The evening opened with Pacific, which is the reason I was there. It’s hard to explain why Morris’s dances look so spring-green to me, even as I get older. It might be because he avoids the usual subjects I mentioned earlier – first love, nursery stories. In her excellent biography of him, Joan Acocella mentions that most of his work, unlike that of most choreographers, is not based on the male/female pas de deux, and her subtle point is that it’s easy to assume this is because Morris is gay, but the deeper reason is that he came to dance through flamenco, which is largely solo, and folk dancing, which is usually in groups. In other words, his wellspring is not ideology but artistic structure and logic. The freshest artists tend to be those obsessed with form.

24 March 2007

the golden age

Or perhaps this is just the first example of the controversy inspired by historically informed performance practices. . . .

John Ruskin laments that current singers are just not as good as they used to be: ". . . and [Adelina] Patti, the last time I heard her, massacred Zerlina's part in 'La ci darem,' as if the audience and she had but the one object of getting Mozart's air done with, as soon as possible."
(from Praeterita, sec. 203)

(I realized yesterday evening that I was whiling away the time before the oratorio -- Mendelssohn's Elijah, ably performed by the San Francisco Symphony -- by reading Ruskin, and I suddenly felt like a minor character in a Merchant-Ivory film, perhaps a high-minded, easily flustered vicar whose inadvertent bit of gossip will cause our turbulent heroine to realize that she, and her heart, belong to the Swinburne-reading golden boy and not to respectable but stultifying Lord Stanley --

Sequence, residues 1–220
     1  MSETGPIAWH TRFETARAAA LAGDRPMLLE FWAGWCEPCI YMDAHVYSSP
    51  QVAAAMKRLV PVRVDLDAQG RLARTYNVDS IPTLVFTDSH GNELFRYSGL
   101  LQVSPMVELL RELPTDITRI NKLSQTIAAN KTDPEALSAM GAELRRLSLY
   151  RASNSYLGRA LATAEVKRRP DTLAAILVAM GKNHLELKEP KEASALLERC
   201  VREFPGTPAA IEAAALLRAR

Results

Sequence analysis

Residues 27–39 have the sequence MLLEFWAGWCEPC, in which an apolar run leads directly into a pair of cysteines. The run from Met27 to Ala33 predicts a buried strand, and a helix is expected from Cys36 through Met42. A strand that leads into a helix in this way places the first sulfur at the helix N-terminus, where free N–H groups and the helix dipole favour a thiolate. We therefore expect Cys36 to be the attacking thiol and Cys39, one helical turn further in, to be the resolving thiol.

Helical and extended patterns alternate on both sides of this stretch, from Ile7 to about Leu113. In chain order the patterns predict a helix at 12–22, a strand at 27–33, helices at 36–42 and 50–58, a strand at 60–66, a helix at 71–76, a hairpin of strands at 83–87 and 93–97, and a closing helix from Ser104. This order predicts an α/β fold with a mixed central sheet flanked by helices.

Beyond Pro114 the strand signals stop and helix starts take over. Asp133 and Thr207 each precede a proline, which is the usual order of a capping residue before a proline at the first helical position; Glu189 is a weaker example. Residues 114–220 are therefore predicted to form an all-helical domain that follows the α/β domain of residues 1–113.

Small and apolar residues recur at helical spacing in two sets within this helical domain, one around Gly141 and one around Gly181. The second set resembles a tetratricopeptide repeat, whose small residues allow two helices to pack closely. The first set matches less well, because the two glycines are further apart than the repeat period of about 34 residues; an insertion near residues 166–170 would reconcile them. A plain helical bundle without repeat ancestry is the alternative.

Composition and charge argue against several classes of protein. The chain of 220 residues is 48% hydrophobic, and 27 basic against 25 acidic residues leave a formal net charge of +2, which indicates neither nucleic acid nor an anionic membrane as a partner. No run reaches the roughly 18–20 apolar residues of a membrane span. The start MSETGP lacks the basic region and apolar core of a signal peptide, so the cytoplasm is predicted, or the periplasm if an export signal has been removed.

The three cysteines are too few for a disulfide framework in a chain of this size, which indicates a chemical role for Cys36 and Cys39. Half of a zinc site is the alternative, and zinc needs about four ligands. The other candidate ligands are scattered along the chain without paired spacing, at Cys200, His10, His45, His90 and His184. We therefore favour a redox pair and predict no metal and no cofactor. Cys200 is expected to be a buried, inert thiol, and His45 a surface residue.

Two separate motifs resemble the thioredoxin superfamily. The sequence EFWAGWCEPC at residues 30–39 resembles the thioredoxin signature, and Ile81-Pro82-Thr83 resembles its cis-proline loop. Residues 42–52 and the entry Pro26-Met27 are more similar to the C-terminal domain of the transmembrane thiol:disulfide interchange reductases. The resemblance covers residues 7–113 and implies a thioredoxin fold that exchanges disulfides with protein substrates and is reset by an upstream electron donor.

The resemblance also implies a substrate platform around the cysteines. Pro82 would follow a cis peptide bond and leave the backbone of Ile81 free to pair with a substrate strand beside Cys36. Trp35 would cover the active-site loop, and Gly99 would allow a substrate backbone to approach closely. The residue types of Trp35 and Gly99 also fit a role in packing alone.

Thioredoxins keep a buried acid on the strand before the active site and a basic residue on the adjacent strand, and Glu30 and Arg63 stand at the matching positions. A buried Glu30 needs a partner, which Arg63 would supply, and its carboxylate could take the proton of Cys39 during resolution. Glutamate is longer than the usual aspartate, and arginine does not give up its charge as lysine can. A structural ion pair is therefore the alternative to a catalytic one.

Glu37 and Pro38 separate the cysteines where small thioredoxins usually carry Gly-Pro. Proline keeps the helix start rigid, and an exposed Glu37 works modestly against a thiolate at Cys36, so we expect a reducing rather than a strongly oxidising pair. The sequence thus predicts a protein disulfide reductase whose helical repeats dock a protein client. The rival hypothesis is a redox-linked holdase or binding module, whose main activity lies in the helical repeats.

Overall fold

"No! I am not Prince Hamlet, nor was meant to be;
Am an attendant lord, one that will do
To swell a progress, start a scene or two. . . .")

meanwhile, back at the hut

While trolling around for reviews of Voigt in Die Aegyptische Helena, which I really wish I were seeing, and also, I admit, googling my own name (oh, come on, like you've never done that!), I discovered that Sieglinde has listed me on the Diary blogroll. Thanks! I've updated my own blogroll. I'm especially touched since Sieglinde is a Yankees fan and I, despite my general baseball sluttery, draw the line at the pinstriped House of Ruth. If only this sort of sympathetic understanding were universal. . . .

22 March 2007

alien abduction